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Unmasking Frank Lloyd Wright

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Times Staff Writer

Somewhere out there Frank Lloyd Wright may be laughing.

At least Brendan Gill hopes so.

Gill would hate it if the ghost of that titan of architecture, who died in 1959 at age 92, is moping around the Great Beyond--simply because Gill’s new biography paints Wright as a lying, profligate, ruthless, egocentric genius.

It certainly would be uncharacteristic, Gill says, noting fondly that embarrassment was one of the few things that did not come easily to his friend Wright.

“He didn’t fear any future biography,” Gills says as he slouches in a chair on a Beverly Hills hotel sun deck, discussing Wright’s maddening elusiveness. “He seems not to have feared the fact that his own autobiography was a tissue of lies from beginning to end and that he was sure to be found out. Again and again in real life he was found out and he would never say anything except, ‘Well, there you are.’ . . . A liar who once challenged just goes on to something else is a hard man to pin down.”

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Some facts about Wright are beyond dispute, however. On a mundane level he is credited with such innovations as the carport. But Wright’s fame generally is attributed to his adventurous, iconoclastic design spirit that created such unconventional buildings as New York’s Guggenheim Museum. Houses designed by Wright--many are in Oak Park, Ill., where he practiced through the early years of this century--are maintained by owners as shrines to the architect. And it is widely suspected that Wright was the basis for the hero in Ayn Rand’s monumental novel about an architect, “The Fountainhead.”

Tourist Attractions

In short, Wright is a cult figure and, according to Gill, otherwise unremarkable towns can count on attracting tourists if they boast a Wright-designed building.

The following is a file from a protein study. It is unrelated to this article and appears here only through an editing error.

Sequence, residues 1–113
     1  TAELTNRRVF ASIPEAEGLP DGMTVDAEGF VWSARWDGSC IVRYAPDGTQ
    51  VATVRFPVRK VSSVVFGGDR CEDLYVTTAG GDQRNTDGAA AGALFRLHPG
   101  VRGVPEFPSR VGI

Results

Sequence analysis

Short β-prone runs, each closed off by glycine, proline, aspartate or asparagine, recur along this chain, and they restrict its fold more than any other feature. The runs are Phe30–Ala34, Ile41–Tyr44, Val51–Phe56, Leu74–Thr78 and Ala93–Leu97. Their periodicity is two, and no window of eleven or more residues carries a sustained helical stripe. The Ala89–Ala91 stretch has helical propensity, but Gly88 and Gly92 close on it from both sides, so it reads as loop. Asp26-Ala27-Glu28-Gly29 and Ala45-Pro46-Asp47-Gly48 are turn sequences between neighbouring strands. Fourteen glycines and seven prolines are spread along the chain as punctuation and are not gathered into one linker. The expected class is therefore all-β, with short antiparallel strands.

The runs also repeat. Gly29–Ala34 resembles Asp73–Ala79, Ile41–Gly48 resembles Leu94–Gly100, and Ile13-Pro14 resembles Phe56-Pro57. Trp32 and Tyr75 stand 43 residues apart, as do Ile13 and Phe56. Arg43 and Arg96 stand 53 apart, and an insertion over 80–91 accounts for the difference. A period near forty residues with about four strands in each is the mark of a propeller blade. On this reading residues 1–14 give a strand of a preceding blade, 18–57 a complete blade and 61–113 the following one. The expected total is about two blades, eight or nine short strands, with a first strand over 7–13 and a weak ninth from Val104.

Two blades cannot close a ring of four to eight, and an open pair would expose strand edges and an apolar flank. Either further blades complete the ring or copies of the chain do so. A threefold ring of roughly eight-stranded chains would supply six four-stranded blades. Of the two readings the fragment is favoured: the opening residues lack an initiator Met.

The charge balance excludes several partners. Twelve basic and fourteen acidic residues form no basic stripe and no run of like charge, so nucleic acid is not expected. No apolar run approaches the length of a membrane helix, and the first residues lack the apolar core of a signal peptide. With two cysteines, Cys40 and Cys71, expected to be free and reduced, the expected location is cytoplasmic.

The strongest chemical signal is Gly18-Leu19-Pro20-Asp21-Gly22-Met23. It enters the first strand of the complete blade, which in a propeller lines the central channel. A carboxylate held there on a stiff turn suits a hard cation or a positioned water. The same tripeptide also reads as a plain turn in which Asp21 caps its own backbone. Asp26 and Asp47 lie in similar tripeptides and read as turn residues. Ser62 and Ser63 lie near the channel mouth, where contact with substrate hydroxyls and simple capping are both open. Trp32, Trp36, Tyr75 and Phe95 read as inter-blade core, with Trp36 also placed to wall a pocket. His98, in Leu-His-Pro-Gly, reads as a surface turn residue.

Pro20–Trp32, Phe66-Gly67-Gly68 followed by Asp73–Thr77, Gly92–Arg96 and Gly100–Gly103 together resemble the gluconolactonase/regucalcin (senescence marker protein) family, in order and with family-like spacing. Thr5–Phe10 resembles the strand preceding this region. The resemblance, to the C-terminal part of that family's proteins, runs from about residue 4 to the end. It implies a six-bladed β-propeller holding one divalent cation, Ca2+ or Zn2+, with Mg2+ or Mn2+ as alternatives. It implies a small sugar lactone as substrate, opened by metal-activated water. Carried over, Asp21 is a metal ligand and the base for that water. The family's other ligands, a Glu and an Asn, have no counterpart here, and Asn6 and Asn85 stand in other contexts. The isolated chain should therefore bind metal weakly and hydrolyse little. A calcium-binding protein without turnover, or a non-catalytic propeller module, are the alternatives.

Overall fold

Gill has just published “Many Masks,” a densely worded and illustrated account of Wright’s long life, a life that produced uncounted monuments--and plans for monuments--to Wright’s design vision.

It also was a life that produced a hard core of mystery.

Despite all the documentation of Wright’s career, the testimonials of his friends, lovers, wives, enemies and disciples, Wright remains an enigma, Gill says.

“The greater you are, then the more essentially unknowable you are. Early on in the process of writing the book I decided that ‘Many Masks’ was the only appropriate title,” he says. “I could provide a description of, and some documentation for, a variety of masks but I was very leery of attempting a psychobiography. . . . There just isn’t enough known about anybody’s inner life.”

When it came to lying, Gill says cheerfully, Wright started early, shaving two years off his age by changing his birth date from 1867 to 1869. This is but one indication of Wright’s obsession with image as detailed by Gill.

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Almost shameless in his showmanship, Wright, a Wisconsin “rube” who became a sophisticate almost overnight, dressed with flair, often wearing a cape and a jaunty hat, according to Gill’s biography. And he sought publicity the way hounds chase rabbits, Gill says. When he wasn’t in the headlines because of a scandal such as abandoning his first wife and six children for another woman, Wright was busy building his legend by giving press conferences and courting reporters, including Gill.

Yet even in this he was a paradox. He often complained about having his picture taken and then would pose until the photographer was practically ready to drop, Gill writes.

For whatever reasons, that’s the way it was with Wright, who was constantly inventing facts about himself--possibly including his name, too--says Gill.

Gill, 73, is perhaps best known as a former theater critic for the New Yorker magazine and for his book about that periodical, “Here at the New Yorker.” He now writes a column on architecture for the magazine.

Gill is satisfied that the word genius is as close as he can come to understanding Wright, who he met and was charmed by in the architect’s old age.

“Everybody makes a great puzzle out of where did Shakespeare come from and how could he possibly have written about kings and noblemen since he himself was from so circumscribed a background,” Gill says. “That’s perfectly nonsensical. If you’re a genius you can do anything. . . . Frank was unbelievably well self-educated. He had read everything at a very early age and yet he was a poor student, a dropout. . . . America in the 19th Century was full of remarkable eccentrics and Frank passes for a very good example of an authentic American genius-eccentric.”